The NSW government denies banning people with a history of serious drug offences from select public housing in inner-Sydney will shift the problem elsewhere.
People with a history of serious drug offences will be banned from living in some inner-Sydney social housing buildings.
But the NSW government denies it will push the problem into the city's suburbs.
In a one-year trial, anyone charged or convicted of drug dealing or manufacturing in the past five years won't be allowed to reside in public estates in Surry Hills, Glebe, Waterloo and Redfern.
"These particular sites we know have become honeypots for drug dealers," Social Housing Minister Pru Goward told 2GB radio on Tuesday.
"What we're trying to do is to break those down."
The policy is aimed at removing temptation for drug users and reducing instances of anti-social behaviour, she said.
"If our tenants are going to have a good shot at getting their lives back on track, we need to remove the temptation to go back onto drugs."
The state opposition, however, fears the move will simply turn Sydney's western suburbs into a "dumping ground for drug dealers".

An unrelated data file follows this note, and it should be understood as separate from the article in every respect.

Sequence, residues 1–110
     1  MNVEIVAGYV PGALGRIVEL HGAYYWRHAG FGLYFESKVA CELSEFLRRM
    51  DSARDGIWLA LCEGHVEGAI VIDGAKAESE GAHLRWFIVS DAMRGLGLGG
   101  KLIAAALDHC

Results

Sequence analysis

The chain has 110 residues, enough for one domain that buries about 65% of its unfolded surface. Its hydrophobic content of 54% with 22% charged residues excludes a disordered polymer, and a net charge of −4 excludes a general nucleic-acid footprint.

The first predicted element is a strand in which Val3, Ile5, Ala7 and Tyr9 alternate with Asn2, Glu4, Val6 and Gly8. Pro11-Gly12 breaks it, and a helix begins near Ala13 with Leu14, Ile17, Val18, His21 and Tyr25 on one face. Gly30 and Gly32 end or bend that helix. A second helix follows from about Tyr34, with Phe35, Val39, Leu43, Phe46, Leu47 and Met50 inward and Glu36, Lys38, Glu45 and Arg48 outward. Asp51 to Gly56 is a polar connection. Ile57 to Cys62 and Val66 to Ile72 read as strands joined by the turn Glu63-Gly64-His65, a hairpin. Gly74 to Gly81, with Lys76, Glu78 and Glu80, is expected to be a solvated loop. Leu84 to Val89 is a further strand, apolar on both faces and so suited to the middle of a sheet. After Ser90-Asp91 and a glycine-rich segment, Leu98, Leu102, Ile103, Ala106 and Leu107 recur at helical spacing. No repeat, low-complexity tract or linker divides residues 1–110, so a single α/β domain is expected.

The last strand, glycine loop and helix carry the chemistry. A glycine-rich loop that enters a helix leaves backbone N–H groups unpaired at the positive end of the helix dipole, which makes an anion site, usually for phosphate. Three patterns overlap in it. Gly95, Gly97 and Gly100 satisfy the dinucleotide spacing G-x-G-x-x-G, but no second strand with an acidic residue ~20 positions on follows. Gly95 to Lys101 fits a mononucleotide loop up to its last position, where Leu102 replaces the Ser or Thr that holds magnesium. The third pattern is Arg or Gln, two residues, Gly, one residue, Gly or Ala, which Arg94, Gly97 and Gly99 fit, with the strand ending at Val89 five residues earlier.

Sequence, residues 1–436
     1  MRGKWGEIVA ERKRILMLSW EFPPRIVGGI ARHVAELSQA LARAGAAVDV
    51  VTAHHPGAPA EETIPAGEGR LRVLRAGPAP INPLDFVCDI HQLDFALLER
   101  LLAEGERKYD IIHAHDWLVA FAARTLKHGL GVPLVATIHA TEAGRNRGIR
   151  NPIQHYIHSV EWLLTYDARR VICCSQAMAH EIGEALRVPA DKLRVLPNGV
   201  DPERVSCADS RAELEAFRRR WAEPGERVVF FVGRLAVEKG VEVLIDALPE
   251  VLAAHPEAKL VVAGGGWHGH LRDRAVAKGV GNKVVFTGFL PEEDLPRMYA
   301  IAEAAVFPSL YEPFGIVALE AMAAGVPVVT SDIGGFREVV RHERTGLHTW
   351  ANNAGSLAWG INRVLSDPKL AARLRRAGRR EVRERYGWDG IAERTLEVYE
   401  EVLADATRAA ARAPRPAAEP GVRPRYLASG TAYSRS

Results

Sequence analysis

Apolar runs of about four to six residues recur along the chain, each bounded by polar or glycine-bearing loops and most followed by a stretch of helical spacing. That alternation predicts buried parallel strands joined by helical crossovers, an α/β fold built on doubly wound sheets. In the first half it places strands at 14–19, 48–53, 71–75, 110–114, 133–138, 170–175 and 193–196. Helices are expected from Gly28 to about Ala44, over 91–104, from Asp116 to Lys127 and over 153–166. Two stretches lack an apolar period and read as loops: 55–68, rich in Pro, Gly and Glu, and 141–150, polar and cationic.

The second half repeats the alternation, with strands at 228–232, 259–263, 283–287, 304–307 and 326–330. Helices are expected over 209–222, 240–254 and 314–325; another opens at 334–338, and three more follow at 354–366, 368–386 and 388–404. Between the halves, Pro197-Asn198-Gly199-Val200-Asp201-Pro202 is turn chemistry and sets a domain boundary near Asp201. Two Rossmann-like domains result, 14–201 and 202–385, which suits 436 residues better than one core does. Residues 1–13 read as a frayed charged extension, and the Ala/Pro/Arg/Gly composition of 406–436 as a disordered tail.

Ms Goward denied it was a matter of exporting the problem, saying there was more public housing in the inner-city than anywhere else in NSW and other options were available in places like Pyrmont and Moore Park.
To date, 46 tenancies have been terminated for drug dealing or manufacture in Redfern and Waterloo since 2014, a department spokesman said.
Another 32 people who don't live in the area have also been banned from going there for drug-related activity.
"The new inner city allocations policy aims to further improve the safety of these communities by not introducing new tenants with a recent history of drug manufacture or serious drug supply and who are at high risk of reoffending," a Family and Community Services spokesman said.